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Relocating Care within Europe: Moving the elderly to places where care is more affordable

Project description

Shedding light on the transnationalisation of elderly care

Rising costs of long-term care in retirement centres means increasing numbers of elderly Europeans are forced to look for cheaper alternatives. For instance, elderly in Germany and Austria are relocating to other countries, mainly in central and eastern Europe (such as Poland and Hungary), where care is more affordable. This phenomenon is sometimes referred to as ‘grandmother deportation’ or ‘geriatric colonialism’. The EU-funded ReloCare project will study the impact of this care relocation on the places involved. Alongside in-depth ethnographic studies of daily life in these care homes, the project will also investigate the nexus between care entrepreneurs and state insurances, and will also research into the histories of places and regional migration.


Within care studies, the transnationalization of care has been mainly understood as drawing on (female) migrant care workers and resulting in a ‘care gap’ in the places such workers leave behind. This project looks at the reverse phenomenon: care relocation, in which the ageing body is relocated to places where care is more affordable. This hotly contested trend, described as ‘grandmother deportation’ or ‘geriatric colonialism’, can be seen as an extreme example of the marketization of care, and entangling welfare states as entitlements are carried across national borders within Europe.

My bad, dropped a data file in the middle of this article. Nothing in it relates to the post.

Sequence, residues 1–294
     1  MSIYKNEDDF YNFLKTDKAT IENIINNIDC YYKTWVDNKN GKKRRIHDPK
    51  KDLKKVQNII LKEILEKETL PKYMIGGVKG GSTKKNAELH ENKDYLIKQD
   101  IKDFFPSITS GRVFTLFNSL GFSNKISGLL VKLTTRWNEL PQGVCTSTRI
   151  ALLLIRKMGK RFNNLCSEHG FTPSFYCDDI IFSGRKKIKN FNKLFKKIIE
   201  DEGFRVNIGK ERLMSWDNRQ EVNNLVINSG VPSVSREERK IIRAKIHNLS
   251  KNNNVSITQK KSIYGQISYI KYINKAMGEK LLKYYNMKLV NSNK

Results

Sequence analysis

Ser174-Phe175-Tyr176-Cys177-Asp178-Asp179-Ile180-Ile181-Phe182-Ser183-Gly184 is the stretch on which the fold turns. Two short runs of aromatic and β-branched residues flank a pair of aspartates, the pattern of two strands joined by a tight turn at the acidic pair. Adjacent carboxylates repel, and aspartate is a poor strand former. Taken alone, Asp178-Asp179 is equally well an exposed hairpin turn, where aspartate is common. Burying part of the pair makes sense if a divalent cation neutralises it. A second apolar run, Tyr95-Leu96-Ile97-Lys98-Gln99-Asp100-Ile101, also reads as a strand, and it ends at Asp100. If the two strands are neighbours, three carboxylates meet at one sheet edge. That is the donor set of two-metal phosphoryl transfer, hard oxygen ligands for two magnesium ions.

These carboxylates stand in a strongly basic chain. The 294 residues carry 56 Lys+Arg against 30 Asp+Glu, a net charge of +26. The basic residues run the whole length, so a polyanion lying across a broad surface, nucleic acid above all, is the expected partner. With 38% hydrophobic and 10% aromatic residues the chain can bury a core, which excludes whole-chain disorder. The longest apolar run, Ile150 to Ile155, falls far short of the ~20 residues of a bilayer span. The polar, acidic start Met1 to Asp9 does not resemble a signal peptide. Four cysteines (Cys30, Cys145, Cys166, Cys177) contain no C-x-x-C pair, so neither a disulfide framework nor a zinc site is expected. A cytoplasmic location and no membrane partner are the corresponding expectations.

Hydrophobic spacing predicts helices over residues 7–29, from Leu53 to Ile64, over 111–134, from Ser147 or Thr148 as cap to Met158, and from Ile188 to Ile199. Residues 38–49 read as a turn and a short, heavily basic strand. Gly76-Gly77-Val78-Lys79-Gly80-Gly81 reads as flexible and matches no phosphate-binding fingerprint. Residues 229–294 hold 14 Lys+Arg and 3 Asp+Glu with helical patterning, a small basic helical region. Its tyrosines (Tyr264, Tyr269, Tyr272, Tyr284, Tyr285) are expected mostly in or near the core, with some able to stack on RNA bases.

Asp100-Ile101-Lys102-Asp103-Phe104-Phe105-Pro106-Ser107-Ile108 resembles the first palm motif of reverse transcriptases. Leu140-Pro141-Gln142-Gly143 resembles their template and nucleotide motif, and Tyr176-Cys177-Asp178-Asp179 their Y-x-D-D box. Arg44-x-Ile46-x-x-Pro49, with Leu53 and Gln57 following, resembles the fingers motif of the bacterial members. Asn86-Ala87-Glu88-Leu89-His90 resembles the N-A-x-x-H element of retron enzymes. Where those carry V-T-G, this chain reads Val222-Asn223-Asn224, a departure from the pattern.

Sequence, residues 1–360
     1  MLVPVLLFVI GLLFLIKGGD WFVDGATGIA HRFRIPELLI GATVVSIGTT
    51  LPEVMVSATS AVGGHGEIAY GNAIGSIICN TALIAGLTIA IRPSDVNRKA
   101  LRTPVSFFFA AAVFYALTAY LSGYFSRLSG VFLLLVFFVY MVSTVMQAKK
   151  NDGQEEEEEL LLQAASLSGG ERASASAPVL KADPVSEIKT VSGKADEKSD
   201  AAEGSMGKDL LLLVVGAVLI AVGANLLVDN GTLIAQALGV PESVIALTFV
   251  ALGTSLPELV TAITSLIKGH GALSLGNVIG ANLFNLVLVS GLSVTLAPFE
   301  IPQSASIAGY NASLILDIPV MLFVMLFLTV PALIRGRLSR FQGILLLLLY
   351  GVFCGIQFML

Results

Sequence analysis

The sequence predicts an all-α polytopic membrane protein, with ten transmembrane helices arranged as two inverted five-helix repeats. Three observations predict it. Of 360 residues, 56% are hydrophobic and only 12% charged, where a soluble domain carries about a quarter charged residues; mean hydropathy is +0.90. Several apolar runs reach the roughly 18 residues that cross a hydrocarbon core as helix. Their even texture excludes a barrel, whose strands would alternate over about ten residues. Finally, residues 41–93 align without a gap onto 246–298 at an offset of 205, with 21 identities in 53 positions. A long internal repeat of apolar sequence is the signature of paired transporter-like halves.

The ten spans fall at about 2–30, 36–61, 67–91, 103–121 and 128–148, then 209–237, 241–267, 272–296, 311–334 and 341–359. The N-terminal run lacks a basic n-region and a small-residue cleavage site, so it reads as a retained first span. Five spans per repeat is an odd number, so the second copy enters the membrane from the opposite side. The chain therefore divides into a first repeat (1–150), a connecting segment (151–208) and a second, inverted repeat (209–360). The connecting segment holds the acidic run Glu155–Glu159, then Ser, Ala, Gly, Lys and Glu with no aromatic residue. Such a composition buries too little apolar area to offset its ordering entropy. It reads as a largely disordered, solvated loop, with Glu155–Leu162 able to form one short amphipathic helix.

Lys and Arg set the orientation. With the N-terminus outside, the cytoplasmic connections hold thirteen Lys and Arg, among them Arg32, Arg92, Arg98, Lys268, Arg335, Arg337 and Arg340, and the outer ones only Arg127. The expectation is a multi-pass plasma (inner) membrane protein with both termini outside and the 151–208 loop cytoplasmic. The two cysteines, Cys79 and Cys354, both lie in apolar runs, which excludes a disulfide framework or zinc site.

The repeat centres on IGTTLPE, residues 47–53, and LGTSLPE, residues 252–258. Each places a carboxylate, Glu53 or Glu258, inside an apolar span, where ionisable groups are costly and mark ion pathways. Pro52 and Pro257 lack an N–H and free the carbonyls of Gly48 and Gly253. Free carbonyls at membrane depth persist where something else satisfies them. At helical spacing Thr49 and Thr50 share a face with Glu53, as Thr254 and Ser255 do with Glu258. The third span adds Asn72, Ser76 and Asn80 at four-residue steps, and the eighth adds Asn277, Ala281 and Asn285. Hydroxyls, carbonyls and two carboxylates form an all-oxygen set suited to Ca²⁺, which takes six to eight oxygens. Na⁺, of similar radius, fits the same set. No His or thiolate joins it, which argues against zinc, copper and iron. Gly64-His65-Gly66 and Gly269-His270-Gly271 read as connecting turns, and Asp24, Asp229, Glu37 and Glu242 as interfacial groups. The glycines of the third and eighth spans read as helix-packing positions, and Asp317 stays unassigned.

This multi-sited anthropological study will take as case studies care homes in Central Eastern Europe (Poland, Czech Republic, Slovakia, and Hungary) that recruit patients from Austria and Germany, and offer care at roughly one-third of the cost of similar institutions in the home countries. What does care relocation do to the people and places involved? Most of these care homes are located in regions characterized by a long German and Habsburg-Hungarian history, adding historical complexity to the story. Some serve only German-speaking patients, others serve local, wealthier elderly people as well. They are run by former migrant care workers and by international companies, bringing labour migration and real estate investment into the picture.
ReloCare breaks new ground by encompassing all of these aspects in one study. Alongside in-depth ethnographic studies of daily life in these care homes, the researchers will investigate the nexus of care entrepreneurs and state insurances, and the histories of places and regional migration, providing an understanding of these new transnational entanglements of welfare states. In perceiving care relocation as both part of future making and a response to the privatization of care landscapes in the region, it asks what it means to become old and in need of care in an increasingly intertwined Europe.

Host institution

Net EU contribution
€ 1 499 978,00
1012WX Amsterdam

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West-Nederland Noord-Holland Groot-Amsterdam
Activity type
Higher or Secondary Education Establishments
Total cost
€ 1 499 978,00

Beneficiaries (1)